Sisterhood of the Traveling Quilt

With her husband gone and her friends dispersed, there had to be a way to reconnect with old pals and classmates.

By Myra Sanchez, Leander, Texas

As appeared in

Quilts take a lot of time. When I started my current project, I woke up every day with new ideas and fresh enthusiasm. I really believed in the importance of what I wanted to create, and I had my husband, Claudio, to cheer me on.

But in the months since, things had gotten hard. I injured my shoulder and my recovery was slow. In the middle of it all I lost Claudio to prostate cancer. Now I was discouraged, lonely, and without Claudio’s support.

Facing down the half-finished quilt in my sewing room one morning soon after his death, I could hardly muster the energy to make a single stitch.

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The quilt was meant to be a way to keep my old nursing class together. We’d graduated from Mercy College of Ohio some 40 plus years before and quickly dispersed all over the country.

After our last anniversary banquet, I tried to find ways for everyone to stay in touch, but nothing ever seemed to work out.

“You need to find a connection when you’re apart,” Claudio said after another futile attempt at planning a mini-reunion. “Something you can share at a distance–like in that movie The Sisterhood of the Traveling Pants.

My husband made me laugh out loud. That movie was our guilty pleasure. Four friends manage to stay close by passing around a pair of pants that magically fit each one of them and gave moral support to the one who wore them in the absence of the other three.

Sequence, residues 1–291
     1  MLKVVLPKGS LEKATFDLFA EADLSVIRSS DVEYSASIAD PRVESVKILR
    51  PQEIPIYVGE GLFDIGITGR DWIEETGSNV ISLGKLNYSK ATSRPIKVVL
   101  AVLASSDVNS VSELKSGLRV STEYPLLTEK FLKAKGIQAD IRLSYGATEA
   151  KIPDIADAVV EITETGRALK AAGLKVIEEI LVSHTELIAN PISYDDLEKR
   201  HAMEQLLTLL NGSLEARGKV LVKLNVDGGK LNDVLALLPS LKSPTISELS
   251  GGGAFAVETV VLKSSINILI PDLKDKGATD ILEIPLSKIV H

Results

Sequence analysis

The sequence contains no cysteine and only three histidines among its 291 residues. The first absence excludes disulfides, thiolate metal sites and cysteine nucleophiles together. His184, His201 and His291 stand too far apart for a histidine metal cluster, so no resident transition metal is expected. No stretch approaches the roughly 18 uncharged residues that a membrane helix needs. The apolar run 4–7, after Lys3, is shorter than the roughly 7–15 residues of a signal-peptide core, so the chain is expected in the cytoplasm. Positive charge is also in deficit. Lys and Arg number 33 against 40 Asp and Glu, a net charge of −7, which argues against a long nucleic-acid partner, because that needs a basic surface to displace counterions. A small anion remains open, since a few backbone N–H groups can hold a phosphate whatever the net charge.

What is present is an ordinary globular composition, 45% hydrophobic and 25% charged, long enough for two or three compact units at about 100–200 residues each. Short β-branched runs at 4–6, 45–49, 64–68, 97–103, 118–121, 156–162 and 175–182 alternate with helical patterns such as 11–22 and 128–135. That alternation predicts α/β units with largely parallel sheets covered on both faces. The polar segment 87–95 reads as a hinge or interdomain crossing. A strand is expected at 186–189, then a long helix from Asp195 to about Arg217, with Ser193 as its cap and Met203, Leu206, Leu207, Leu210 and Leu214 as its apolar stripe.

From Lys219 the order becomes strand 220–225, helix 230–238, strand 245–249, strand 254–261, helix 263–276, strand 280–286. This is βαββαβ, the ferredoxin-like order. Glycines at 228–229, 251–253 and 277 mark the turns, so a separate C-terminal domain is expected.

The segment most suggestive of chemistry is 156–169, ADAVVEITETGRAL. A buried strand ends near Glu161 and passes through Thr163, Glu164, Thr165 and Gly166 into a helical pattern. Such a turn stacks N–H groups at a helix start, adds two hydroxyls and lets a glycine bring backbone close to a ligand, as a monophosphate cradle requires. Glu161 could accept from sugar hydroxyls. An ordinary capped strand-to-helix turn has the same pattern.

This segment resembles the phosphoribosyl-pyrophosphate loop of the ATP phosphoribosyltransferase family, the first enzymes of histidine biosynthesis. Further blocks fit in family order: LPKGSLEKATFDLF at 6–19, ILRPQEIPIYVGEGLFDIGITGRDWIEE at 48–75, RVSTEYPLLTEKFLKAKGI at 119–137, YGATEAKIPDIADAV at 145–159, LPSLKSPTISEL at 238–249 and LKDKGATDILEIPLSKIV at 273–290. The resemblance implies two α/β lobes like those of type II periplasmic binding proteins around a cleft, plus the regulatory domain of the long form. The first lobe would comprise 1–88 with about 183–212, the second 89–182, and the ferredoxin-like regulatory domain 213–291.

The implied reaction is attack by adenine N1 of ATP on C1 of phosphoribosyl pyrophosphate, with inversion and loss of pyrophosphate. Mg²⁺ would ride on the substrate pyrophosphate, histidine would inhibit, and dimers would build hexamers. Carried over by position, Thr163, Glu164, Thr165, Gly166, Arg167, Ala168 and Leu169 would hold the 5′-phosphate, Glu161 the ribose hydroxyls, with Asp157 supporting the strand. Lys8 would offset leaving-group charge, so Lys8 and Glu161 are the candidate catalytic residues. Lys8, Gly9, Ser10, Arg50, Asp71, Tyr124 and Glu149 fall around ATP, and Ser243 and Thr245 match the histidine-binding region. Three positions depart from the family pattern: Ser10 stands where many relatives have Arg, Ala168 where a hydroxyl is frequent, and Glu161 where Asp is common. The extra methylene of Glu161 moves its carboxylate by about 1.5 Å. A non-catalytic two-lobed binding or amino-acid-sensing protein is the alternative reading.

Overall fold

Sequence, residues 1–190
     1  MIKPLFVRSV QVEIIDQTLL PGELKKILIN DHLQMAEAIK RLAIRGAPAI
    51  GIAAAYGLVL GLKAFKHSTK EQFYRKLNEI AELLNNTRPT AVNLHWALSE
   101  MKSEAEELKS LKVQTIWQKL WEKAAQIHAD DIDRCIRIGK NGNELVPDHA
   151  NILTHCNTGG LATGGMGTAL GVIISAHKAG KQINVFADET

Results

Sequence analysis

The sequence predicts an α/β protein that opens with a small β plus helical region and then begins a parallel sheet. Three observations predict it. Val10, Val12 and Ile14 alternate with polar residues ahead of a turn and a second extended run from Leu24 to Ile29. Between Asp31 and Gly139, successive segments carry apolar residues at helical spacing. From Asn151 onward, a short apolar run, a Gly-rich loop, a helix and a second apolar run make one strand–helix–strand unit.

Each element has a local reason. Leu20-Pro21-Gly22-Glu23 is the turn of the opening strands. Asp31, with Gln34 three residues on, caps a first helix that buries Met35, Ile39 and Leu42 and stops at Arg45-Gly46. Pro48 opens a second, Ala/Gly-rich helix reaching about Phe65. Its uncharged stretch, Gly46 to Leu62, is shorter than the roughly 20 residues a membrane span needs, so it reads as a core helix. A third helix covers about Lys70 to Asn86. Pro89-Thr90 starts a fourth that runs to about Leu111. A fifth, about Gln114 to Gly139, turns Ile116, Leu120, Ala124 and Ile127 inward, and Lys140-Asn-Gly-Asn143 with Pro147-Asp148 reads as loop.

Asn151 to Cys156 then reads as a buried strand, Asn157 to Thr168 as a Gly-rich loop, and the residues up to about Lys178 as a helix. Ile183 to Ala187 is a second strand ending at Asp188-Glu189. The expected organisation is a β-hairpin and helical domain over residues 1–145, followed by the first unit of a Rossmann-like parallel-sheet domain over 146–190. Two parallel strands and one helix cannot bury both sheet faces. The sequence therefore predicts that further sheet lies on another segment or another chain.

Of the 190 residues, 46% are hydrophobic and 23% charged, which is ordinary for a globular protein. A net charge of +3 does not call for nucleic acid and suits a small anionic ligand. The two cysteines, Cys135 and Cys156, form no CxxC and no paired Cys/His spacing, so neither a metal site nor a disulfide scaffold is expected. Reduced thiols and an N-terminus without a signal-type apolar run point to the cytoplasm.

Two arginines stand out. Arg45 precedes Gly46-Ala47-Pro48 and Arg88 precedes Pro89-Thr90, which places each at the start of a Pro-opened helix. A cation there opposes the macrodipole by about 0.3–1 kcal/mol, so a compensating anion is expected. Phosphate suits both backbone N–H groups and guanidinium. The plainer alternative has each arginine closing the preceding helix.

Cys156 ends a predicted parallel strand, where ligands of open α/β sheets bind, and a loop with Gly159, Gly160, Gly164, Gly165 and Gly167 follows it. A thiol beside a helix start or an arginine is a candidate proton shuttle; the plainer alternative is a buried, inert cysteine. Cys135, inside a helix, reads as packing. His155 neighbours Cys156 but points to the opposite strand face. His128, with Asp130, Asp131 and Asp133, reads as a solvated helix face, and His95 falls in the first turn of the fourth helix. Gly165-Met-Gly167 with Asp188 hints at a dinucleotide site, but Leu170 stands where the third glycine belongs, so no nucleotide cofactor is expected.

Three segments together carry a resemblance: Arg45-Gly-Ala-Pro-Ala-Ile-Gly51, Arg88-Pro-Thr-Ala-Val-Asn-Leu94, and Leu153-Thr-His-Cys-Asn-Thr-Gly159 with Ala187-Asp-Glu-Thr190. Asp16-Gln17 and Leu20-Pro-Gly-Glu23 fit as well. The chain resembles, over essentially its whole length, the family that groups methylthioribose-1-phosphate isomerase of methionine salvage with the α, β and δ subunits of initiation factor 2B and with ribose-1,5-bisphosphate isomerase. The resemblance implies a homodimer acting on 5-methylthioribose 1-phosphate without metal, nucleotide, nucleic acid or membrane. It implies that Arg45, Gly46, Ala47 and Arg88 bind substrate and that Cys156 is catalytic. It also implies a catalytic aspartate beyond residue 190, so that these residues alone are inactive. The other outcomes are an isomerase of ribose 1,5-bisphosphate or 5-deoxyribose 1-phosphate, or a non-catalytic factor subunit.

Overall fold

Mailing pants wouldn’t work for my nursing classmates, but...

“What about a quilt?” I said. “We could all collaborate in putting it together, and once it’s finished mail it around to whoever is in need of some comfort.”

Claudio clapped his hands. “Brilliant!” he said.

I got in touch with as many of my old classmates as I could. Everyone who wanted to join the project was sent a square of fabric. They could sign it or write a personal message. Once I got the squares back, I’d assemble them into the finished piece.

I rubbed my sore shoulder and ran my hand over the unfinished quilt. Even after multiple surgeries, movement in my left arm was limited.

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I missed Claudio and his comforting words. I wanted to have this quilt finished by now, I told him up in heaven as I looked at the pattern taped to the sewing-room wall.

There was still so much to do. Our class’s forty-fifth anniversary banquet was coming up and my heart wasn’t in this project anymore. With Claudio’s encouragement I’d kept at it despite my bum shoulder. But Claudio was gone now.

Working on the quilt was impossible with my aches and pains. Why was I even trying? I covered up my sewing machine and left the quilt as it was.

Weeks passed. I didn’t sew a thing. I marked the sixth month anniversary of Claudio’s death. It’s just an idea that never got finished, I thought one afternoon when I went into in my sewing room to dust.

Quilting squares littered the table. They were filled with colorful messages and notes from my old classmates at Mercy College. I picked one up: “Mercy sisters–friends forever!” The cursive was messy, but the statement was true.

I dug into the pile of fabric squares. “Friends are angels who leave miracles in your heart,” read one in cheerful, looping handwriting. “Love is the thread that binds us together,” the next read. Sounds just like Claudio and his traveling pants, I thought, smiling for the first time in a while.